The Every Student Succeeds Act (ESSA) authorizes states to allow parents to opt their children out of exams if a state or district allows it. Eight states already have laws allowing opt outs. New federal regulations ignore this provision, but states should not.
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Regulations on test participation and accountability
The U.S. Department of Education (DoE) has issued regulations governing state implementation of accountability requirements in the Every Student Succeeds Act (ESSA). These include requirements for state action for schools or districts that do not test at least 95% of their students.
The federal Every Student Succeeds Act (ESSA) is the latest version of the long-standing Elementary and Secondary Education Act. It replaces the widely despised “No Child Left Behind.” The new law presents both opportunities and dangers for the testing resistance and reform movement.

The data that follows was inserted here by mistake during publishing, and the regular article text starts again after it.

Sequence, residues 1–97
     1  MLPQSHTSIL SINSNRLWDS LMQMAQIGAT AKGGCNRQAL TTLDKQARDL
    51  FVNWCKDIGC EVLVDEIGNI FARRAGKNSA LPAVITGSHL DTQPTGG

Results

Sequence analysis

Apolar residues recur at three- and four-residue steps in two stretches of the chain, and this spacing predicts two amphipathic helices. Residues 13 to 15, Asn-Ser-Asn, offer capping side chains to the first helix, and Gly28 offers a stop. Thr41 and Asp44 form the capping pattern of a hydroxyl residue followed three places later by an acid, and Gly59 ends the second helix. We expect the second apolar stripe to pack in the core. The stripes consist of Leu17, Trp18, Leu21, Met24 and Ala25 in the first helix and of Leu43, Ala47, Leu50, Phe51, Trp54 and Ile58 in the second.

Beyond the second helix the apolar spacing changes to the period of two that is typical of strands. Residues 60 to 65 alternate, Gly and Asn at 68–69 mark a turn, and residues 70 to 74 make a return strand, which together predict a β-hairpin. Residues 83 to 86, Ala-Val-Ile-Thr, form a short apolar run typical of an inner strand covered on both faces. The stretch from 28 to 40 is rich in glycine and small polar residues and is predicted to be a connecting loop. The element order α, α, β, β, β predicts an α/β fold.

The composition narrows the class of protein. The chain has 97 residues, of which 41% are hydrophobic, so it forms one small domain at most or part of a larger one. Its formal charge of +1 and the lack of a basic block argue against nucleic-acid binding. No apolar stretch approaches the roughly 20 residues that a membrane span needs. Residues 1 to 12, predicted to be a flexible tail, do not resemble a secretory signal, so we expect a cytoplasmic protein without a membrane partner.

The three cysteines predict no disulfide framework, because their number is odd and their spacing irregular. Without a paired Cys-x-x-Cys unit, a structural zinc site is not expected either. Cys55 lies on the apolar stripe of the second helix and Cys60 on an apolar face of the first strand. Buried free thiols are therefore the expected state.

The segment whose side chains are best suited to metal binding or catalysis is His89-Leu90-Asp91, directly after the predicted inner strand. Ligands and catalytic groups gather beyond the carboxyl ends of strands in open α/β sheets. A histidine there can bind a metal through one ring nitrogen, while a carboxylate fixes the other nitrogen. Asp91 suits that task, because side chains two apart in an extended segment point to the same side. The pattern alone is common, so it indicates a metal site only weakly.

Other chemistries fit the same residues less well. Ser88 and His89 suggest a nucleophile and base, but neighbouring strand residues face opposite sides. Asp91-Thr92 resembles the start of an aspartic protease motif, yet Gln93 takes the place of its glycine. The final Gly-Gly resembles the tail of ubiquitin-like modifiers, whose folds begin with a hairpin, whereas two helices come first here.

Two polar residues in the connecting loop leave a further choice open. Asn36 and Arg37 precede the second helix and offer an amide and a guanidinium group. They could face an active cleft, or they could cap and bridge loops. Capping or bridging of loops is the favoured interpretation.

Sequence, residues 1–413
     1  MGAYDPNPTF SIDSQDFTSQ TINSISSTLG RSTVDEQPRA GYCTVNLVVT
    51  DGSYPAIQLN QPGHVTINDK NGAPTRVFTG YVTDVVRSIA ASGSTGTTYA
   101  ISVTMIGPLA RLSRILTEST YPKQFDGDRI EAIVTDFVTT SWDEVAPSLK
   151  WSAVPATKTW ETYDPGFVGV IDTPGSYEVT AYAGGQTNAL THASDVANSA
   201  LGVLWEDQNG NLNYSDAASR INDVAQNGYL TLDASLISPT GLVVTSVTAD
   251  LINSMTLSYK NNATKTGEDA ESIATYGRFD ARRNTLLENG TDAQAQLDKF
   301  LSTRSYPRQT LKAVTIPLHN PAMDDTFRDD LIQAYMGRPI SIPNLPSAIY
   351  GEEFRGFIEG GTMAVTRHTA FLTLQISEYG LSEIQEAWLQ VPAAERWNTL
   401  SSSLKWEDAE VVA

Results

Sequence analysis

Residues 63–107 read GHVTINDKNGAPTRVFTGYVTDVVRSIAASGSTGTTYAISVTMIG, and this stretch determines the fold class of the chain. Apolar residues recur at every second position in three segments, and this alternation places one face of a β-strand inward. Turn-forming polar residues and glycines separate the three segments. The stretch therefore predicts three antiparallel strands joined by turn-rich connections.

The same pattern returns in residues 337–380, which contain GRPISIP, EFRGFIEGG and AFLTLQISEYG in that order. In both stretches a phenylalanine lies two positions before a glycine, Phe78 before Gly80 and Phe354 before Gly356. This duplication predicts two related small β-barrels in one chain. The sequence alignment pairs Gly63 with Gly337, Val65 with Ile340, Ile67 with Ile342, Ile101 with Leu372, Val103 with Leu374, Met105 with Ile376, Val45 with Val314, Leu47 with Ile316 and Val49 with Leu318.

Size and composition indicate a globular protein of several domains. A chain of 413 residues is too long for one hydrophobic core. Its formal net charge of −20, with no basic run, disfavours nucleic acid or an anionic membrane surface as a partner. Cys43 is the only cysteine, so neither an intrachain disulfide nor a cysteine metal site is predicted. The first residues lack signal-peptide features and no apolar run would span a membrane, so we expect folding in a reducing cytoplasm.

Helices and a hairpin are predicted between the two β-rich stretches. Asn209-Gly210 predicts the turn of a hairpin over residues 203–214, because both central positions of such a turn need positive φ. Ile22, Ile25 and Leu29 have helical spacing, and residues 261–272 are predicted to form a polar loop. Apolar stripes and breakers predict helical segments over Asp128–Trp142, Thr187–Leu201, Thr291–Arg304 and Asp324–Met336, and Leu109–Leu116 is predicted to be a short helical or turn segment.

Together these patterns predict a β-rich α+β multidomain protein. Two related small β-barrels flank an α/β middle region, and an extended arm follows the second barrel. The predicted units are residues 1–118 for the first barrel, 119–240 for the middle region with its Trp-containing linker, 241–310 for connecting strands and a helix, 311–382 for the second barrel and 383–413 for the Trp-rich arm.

With public schools closing for the summer, many states are reviewing their 2015-2016 testing experience (once again, not a pretty picture) and planning to implement assessment reforms in coming years. You can help stop the U.S. Department of Education from promoting testing misuse and overuse by weighing in on proposed Every Student Succeeds Act regulations.
Many states are beginning to review their assessment and accountability systems to comply with the new federal Every Student Succeeds Act. Input from grassroots stakeholders -- particularly parents, educators and community leaders -- can help determine whether the revised policies help improve learning and teaching or simply put a different gloss on failed test-and-punish systems.